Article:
Subject: Beetle ID
Location: Hurricane Rd pass, Temblor Range, east of Carrizo Plains, CA
March 29, 2016 7:46 pm
I found this beetle on March 26, 2016 at the top of Hurricane Rd pass in the Temblor Range just East of Carrizo Plains National Monument. It is large – see my fingers for scale. It was the only one of its kind I saw that day and we walked the roadside for over 1.5 miles. The elytra are short and do not come close to covering it’s abdomen, as you can see in the second picture. It did not fly, but fell off my fingers and into the grass. It was found in Bromus grass and Amsinkia. Temperature was about 65 degrees F with a strong wind, ample sunshine.
Signature: Judy Neuhauser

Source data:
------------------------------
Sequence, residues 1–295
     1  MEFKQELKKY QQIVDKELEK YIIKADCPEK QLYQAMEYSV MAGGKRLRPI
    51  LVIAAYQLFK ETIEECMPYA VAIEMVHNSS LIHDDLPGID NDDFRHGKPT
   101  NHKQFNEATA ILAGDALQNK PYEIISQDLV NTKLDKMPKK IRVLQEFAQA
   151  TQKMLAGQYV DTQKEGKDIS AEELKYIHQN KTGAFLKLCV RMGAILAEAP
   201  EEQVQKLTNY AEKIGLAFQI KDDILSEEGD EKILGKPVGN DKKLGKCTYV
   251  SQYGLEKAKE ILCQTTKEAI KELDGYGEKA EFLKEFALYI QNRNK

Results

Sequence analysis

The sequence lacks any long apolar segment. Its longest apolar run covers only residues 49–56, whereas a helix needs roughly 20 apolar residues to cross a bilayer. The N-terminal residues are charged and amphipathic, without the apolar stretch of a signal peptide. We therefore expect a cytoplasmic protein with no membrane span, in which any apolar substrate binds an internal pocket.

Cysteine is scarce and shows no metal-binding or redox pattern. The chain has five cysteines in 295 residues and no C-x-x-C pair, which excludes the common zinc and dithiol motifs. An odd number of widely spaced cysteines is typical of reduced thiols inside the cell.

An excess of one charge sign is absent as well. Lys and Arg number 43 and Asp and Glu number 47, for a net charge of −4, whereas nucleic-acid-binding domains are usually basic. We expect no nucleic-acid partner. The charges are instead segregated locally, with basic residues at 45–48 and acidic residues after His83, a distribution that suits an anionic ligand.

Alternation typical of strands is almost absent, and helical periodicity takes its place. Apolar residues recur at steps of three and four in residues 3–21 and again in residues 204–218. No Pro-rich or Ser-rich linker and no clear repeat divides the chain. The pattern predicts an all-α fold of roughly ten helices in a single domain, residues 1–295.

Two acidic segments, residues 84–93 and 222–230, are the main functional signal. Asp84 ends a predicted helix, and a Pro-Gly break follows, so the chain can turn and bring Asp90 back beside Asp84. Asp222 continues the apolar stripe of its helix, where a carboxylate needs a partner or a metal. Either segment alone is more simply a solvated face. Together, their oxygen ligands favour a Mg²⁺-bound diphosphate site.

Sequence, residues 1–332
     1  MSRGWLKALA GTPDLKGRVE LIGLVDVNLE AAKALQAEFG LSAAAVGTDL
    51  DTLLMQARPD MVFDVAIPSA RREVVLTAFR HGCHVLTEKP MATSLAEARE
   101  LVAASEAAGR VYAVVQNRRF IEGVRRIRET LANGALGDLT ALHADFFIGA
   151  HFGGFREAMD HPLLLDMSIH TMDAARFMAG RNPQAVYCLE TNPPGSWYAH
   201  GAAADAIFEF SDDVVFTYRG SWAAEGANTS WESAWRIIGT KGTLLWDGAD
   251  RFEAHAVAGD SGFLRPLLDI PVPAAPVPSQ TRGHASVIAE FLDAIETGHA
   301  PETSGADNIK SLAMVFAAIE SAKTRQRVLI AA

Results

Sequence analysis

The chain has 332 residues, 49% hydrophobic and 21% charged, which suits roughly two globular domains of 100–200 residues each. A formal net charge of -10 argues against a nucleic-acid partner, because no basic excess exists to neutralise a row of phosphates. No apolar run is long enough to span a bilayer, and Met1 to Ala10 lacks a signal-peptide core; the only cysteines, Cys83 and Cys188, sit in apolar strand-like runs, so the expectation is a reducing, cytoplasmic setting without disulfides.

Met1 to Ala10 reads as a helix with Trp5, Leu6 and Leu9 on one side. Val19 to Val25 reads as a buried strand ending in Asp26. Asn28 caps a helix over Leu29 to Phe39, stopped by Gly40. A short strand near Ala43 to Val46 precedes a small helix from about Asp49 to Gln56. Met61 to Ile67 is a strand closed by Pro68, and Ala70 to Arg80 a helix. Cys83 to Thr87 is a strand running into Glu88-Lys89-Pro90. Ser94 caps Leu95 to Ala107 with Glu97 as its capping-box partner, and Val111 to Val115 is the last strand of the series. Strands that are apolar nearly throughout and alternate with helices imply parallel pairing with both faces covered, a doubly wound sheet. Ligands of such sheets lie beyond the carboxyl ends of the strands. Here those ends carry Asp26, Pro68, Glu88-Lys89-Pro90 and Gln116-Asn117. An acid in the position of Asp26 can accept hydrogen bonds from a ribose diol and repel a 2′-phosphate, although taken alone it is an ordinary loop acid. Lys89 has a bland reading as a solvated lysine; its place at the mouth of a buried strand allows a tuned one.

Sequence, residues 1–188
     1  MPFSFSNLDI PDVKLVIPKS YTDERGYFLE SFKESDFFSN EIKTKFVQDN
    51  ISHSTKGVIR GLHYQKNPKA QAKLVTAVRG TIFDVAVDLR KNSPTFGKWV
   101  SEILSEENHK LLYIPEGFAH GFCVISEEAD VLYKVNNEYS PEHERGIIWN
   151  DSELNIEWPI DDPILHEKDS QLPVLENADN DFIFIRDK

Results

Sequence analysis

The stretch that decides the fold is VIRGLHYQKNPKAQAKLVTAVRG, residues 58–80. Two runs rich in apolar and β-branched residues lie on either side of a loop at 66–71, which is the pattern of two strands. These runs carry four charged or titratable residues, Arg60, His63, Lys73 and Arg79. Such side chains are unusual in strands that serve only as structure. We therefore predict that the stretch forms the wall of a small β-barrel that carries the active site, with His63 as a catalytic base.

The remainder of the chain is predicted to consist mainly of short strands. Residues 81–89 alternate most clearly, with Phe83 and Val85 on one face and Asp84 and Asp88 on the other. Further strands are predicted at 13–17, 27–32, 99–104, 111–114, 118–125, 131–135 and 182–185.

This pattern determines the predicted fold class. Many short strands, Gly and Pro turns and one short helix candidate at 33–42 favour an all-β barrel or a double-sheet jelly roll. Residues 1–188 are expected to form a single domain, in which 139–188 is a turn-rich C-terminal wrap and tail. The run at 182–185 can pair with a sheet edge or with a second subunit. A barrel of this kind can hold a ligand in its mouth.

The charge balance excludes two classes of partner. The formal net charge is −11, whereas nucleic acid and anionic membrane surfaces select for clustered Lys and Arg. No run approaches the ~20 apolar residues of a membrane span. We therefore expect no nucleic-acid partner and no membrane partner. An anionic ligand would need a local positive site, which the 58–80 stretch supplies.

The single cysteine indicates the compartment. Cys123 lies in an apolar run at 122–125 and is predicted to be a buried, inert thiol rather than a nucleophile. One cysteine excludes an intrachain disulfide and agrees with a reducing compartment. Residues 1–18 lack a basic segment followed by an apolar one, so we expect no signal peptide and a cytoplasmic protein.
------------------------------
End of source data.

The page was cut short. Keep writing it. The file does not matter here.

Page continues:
This is a Blister Beetle in the genus Lytta, and we wish you included a view of the beetle’s head because it does not look like the Master Blister Beetle, Lytta magister, a species that is active in Southern California at this time of year, as evidenced by the image we just posted, however the Master Blister Beetle has an orange head and thorax and your individual appears to have a black head. Also classified in the L. magister group according to BugGuide is Lytta funerea, which is represented by a single posting of a male of the species on BugGuide with three images. That individual has a black head and orange markings on the abdomen like your individual, and females, which we suspect you encountered, are often bigger with bigger abdomens. We would urge you to exercise caution when handling Blister Beetles because according to BugGuide: “Pressing, rubbing, or squashing blister beetles may cause them to exude hemolymph which contains the blistering compound cantharidin. Ingestion of blister beetles can be fatal. Eating blister beetles with hay may kill livestock. Cantharidin is commercially known as Spanish Fly” and is sold as an aphrodesiac.